Program or Programme?

Our Story

Program or Programme?

What is the difference between "program" and "programme"?

For American English:
  • Use "program" for everything.
For British English:
  • Use "program" for anything to do with computers.
  • Use "program" when you need a verb.
  • Use "programme" for a noun meaning itinerary, TV or radio show, or a collection of work projects.
program or programme?
Americans, Just Use "Program"

Americans do not need to worry about the word "programme." Just use "program." The noun "programme" comes from the French, and only those following UK writing conventions need to make a distinction between "program" and "programme."

A Video Summary

Here is a short video summarizing this lesson on "program" and "programme."

The Difference between "Program" and "Programme"

Writers are often unsure whether to use "program" or "programme." Those following US writing conventions don't need to worry about this. They can use the word "program" for everything. However, those following UK writing conventions are not so fortunate. They do need to make a distinction between "program" and "programme." (This is because the English were influenced by the French word "programme," but Americans weren't.)

Use "Program" for Anything Relating to Computers

For anything to do with a computer, use "program." For example:
  • It's a useful computer program. () ()
  • (In this example, program is a noun.)
  • Do you know how to program the computer? () ()
  • (In this example, program is a verb.)

Use "Program" If It's a Verb

As in the second example above, the word "program" is the only one that can be used as a verb (i.e., "programme" is never used as a verb). For example:
  • Do you know how to program the alarm? () ()
  • (Usually, this will have something to do with computers.)
  • Please program the team-building exercises before the lunch. () ()
  • (Be aware that it's not always about computers.)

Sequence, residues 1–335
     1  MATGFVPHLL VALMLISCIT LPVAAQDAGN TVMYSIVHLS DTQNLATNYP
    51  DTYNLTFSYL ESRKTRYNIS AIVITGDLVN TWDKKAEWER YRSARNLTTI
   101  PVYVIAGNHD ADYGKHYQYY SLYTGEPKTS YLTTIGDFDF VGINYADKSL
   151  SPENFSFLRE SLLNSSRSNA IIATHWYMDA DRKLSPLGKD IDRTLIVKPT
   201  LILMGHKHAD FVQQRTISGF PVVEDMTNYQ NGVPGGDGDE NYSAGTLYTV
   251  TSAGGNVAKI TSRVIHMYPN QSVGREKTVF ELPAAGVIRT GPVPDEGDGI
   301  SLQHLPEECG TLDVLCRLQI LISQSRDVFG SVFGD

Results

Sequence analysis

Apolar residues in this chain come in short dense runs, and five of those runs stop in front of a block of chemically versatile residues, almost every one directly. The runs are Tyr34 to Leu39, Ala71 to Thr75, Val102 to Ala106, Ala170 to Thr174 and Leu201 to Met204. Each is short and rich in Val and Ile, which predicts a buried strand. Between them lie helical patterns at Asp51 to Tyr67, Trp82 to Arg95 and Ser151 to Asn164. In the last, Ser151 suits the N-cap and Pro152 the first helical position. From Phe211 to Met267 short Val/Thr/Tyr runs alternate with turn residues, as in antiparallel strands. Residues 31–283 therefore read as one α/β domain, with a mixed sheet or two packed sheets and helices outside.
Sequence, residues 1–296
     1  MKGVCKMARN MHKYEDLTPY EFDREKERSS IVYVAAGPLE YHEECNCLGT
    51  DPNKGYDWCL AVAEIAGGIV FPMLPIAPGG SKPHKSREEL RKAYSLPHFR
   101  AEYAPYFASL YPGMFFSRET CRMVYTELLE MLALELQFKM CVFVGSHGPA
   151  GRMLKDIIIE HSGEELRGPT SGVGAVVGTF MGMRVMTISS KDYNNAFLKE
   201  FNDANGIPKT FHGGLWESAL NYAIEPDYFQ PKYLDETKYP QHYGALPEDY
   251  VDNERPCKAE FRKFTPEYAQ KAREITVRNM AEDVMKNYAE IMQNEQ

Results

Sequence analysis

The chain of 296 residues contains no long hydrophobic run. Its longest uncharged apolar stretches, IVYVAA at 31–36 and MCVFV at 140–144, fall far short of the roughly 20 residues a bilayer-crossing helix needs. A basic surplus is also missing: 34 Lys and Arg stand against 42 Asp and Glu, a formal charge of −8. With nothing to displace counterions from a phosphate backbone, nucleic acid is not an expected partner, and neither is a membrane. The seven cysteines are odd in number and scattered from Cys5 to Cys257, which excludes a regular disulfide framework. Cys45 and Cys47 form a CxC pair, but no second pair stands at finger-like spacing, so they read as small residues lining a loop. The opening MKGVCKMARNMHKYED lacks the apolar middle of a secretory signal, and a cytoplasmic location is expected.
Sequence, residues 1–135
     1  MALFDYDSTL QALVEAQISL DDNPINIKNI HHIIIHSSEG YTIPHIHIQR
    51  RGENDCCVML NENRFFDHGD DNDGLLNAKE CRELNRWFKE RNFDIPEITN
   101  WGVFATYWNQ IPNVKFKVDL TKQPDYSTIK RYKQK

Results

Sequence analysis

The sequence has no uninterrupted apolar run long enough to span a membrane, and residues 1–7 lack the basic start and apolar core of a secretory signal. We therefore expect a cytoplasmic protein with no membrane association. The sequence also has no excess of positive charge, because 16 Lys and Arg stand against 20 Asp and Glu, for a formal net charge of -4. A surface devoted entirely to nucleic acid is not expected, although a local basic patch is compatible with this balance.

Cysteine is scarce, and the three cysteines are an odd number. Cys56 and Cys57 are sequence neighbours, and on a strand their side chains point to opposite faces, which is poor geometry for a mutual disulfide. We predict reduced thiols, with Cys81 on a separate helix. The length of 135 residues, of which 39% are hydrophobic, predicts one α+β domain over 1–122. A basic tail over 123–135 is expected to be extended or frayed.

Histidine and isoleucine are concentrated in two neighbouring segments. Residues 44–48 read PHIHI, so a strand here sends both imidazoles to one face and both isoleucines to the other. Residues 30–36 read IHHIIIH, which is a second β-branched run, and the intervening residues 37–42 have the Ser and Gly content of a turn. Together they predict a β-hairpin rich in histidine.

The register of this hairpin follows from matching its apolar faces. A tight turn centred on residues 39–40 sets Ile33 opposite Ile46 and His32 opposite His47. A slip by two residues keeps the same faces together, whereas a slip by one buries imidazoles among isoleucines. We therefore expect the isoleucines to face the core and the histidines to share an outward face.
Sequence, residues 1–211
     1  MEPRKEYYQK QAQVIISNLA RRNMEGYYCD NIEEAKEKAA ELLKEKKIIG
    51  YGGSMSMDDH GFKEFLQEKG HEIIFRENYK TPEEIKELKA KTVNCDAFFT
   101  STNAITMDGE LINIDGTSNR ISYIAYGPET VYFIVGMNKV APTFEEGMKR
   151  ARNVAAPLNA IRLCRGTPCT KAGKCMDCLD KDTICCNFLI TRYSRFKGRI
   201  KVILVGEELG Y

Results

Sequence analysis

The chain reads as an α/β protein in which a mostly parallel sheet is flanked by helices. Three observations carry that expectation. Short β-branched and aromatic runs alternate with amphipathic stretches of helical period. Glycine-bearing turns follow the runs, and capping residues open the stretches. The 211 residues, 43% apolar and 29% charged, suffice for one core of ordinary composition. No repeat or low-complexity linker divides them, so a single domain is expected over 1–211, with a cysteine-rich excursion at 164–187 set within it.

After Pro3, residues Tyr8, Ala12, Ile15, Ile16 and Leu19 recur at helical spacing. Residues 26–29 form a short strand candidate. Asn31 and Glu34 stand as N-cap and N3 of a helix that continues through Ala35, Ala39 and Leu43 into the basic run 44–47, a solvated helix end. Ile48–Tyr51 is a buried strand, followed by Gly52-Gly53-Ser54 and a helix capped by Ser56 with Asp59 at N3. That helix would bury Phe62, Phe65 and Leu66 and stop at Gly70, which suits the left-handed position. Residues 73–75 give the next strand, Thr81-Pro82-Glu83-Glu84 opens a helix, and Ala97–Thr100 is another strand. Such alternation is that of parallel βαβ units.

• A box of crayons and a big sheet of paper provide a more expressive medium for kids than computerized paint programs. (Clifford Stoll) () ()
  • My virus checker keeps rejecting your programme. () ()

If You're British, Use "Programme" to Mean Agenda, TV Show, or Collection of Projects

In the UK, "programme" is used for an itinerary, a show (typically, on the TV or radio), or a collection of work projects. For example:
  • It looks like an entertaining programme tonight. () ()
  • Family Guy is one of my favourite programmes. () ()
  • (Family Guy is one of my favorite programs. ())
  • The person who leaked the secret programme is hiding in Hong Kong. () ()
  • (Here, "programme" means a collection of work projects.)
  • I'm glad the President finally found an economic development program. I'm just sad that it's only in Baghdad. (Politician John Kerry) () ()

"Programmed" and "Programming"

In UK and US English, you should use "programmed" for the past tense and past participle of the verb "to program," and you should use "programming" for the present participle and gerund. However, in the US, you can also use "programed" and "programing," which are acceptable alternatives. These spellings were particularly popular in the 1950s and early 1960s. However, by the mid-1960s, "programmed" and "programming" were the dominant spellings. [evidence]

A Video Summary

Watch a video showing 10 big differences between British English and American English.

Interactive Exercise
Here are three randomly selected questions from a larger exercise, which can be edited, printed to create an exercise worksheet, or sent via email to friends or students.

See Also

adverse or averse? affect or effect? appraise or apprise? avenge or revenge? bare or bear? complement or compliment? dependant or dependent? discreet or discrete? disinterested or uninterested? e.g. or i.e.? envy or jealousy? imply or infer? its or it's? material or materiel? poisonous or venomous? practice or practise? principal or principle? cannot or can not? who's or whose? What are nouns? What are verbs? List of easily confused words